As the use of technology is expanding and more of the things we do require a computer and basic computer literacy, the younger generation would seem to have a major advantage. They have serious finger skills.
On the other side is my mother-in-law; she has happy fingers. Usually something happy is good, but in regards to computer use, happy fingers is not a good thing.
I’m sure this term has been around for some time and I’m not going to claim to have created it. It describes a person who gets too active on the computer keyboard or any other technology where there are buttons, without knowing what is going on.
I am going to pick on my mother-in-law (she is unlikely to ever read this) to illustrate what happy fingers are. She and my father-in-law signed up for cable TV several years ago. This necessitated a convoluted arrangement of cabling so that the receiver worked with the DVD and VHS players that they used. We ended up with three remotes for all of the devices. After some work, I got it down to one remote control to control everything.
The problem was that there were still too many buttons. She couldn’t remember all of the instructions and would lose her patience. Then the happy fingers would start, pushing buttons at random. When the software didn’t do what she expected, she would start pressing a few other buttons.
By the time she called me, TV and receiver settings would be so messed up I would just unplug and reset everything.
There is also something I call dead fingers. These fingers belong to people that are afraid of touching anything on the keyboard for fear they will kill the machine.
I once had a female student in an introduction to computer class that was scared of the keyboard. After some instruction that would require typing on the keyboard, she would just sit and look at it. I would literately have to point directly at every key and encourage her to press each one before she would do anything. This is understandable for the first week or two, but by midterm she was still too scared to do anything on the computer by herself.
I’ll admit that my small screen skills are not very good and that I have fat fingers that prevent me from being accurate on those tiny keys on my phone. I’m always amazed how fast my daughter can tap out a text messages. It seems that most of the younger generation have fast fingers and have no problem tapping out a message with one hand tied behind their back.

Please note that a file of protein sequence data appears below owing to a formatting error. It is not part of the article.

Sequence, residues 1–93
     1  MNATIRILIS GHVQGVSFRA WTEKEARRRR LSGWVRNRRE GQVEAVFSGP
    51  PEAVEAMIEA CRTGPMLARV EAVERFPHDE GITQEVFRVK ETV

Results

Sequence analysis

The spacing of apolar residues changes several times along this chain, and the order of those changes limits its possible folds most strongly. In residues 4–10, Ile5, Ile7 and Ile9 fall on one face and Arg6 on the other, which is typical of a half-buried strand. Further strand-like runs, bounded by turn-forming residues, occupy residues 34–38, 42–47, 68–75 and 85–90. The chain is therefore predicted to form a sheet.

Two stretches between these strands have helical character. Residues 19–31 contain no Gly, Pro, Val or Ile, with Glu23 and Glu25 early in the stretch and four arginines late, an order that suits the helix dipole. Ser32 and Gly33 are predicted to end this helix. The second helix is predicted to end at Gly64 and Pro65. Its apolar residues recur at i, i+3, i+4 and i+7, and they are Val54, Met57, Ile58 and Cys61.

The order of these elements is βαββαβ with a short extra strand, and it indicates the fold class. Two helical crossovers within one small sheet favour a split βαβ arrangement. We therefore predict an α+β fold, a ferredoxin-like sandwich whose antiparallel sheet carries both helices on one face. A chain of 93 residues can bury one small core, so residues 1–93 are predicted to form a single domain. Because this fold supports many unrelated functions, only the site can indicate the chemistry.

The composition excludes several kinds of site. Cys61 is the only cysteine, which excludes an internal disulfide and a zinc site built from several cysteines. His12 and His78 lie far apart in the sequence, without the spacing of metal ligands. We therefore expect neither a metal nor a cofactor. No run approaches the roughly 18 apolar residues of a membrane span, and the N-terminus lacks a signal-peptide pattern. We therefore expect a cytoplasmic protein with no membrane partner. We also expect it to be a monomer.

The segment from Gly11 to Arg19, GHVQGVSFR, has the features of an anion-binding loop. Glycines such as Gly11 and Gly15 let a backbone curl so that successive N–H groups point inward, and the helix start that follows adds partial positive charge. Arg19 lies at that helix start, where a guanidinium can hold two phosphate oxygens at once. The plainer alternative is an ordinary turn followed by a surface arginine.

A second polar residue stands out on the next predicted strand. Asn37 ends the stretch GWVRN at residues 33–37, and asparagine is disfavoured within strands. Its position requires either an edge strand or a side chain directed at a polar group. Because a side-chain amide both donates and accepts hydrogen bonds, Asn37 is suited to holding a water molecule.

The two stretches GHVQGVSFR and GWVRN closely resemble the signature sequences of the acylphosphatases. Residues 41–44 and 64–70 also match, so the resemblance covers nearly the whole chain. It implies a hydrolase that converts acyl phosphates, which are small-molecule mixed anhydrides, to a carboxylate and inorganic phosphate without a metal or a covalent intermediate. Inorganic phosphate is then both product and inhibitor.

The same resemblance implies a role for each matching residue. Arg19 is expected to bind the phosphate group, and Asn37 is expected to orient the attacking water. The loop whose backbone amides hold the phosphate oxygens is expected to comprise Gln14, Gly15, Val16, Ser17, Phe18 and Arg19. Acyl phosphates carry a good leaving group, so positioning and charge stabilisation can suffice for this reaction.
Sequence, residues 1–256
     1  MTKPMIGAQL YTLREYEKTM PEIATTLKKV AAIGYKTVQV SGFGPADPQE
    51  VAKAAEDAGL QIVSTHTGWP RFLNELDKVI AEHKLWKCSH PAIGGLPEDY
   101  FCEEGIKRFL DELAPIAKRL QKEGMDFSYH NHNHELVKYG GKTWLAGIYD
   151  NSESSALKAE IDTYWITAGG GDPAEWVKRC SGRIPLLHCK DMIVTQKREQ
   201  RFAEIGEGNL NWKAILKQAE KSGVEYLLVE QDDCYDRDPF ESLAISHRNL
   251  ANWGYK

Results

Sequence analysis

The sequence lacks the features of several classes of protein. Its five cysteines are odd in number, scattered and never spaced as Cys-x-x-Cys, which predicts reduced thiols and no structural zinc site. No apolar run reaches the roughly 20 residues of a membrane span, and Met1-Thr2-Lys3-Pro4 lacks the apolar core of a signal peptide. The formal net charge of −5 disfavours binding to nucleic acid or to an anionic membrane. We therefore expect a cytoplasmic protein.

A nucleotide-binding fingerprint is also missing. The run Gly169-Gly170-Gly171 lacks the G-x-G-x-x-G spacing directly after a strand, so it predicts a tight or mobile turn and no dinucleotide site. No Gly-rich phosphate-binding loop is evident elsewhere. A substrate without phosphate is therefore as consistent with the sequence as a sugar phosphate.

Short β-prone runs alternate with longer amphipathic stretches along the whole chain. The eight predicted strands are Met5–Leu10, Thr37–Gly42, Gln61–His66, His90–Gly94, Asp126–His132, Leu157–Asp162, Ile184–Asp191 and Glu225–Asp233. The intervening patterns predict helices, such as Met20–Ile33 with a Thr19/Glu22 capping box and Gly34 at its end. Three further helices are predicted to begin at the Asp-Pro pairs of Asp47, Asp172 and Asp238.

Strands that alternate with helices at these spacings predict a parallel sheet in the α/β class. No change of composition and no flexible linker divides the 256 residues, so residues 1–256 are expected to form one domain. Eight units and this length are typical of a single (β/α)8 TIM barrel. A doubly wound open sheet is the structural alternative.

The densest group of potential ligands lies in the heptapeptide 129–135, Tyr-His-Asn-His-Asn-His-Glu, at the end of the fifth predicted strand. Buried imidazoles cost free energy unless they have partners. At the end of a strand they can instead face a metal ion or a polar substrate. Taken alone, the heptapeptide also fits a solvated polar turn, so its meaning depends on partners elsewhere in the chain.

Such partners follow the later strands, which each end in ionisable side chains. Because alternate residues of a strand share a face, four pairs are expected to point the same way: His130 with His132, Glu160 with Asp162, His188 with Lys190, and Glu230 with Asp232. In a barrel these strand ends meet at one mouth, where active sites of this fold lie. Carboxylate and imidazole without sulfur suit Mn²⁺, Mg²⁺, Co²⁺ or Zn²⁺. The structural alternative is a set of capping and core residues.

These people have grown up with computers and it is a part of their lives.
My first exposure to computers was in 1980, my first year of teaching when I had an Apple IIe in my classroom. I am a gadget guy so I was fascinated by the technology and have continued to learn. However, not everybody in my generation is enamored with technology or got the early start for which I had the opportunity.
Many people my age or older have happy fingers, which they use to randomly hit keys hoping to get positive results.
The younger grower or computer operator doesn’t typically have these problems. They aren’t afraid of exploring a new computer or running through the latest software, clicking and tapping away. If they get lost or run into an error, they can get themselves out of it.
The lesson here is that in precision farming, we have young technicians with smart and fast fingers that are supporting and assisting a slightly older generation of growers with happy fingers. How can we help those happy fingers?
For my mother-in-law, I used pieces of tape to cover 90 percent of the buttons on the remote, leaving only those buttons that she absolutely needed. This allowed her to see more clearly and reduce her choices of what she could push.
Applying this concept for the technology challenged grower, it means easier displays in the tractor along with more intuitive menu structures.
Displays and menus have im-proved over the last few years but our happy fingered growers may still have problems.
Something else that helped my mother-in–law was a cheat sheet that I created with a diagram of the remote and simple step by step instructions on how to change the channel or how to watch a DVD.
Cheat sheets can also be created by precision ag specialists for their growers. They can have icons, screen shots, and basic instructions for major tasks and correcting minor problems. Laminate the cheat sheet and it can be a permanent accessory in the tractor cab.
The last thing I did for my mother-in-law was to be available when she had a problem.
Patience and availability assured her and she didn’t end up hitting every button on the remote before calling; she would call before undoing every setting. Technicians need to be available for their happy fingered growers and have patience with them.
Though I am making fun of happy fingers, the main point is that support services are still a need within the precision farming industry.
There are many growers out there who want to do precision farming but they lack the knowledge and ability to use technology. Precision happens when we make technology accessible to all.
Terry A. Brase is an educational consultant, former precision agriculture educator and author. BrASE LLC. Contact him at firstname.lastname@example.org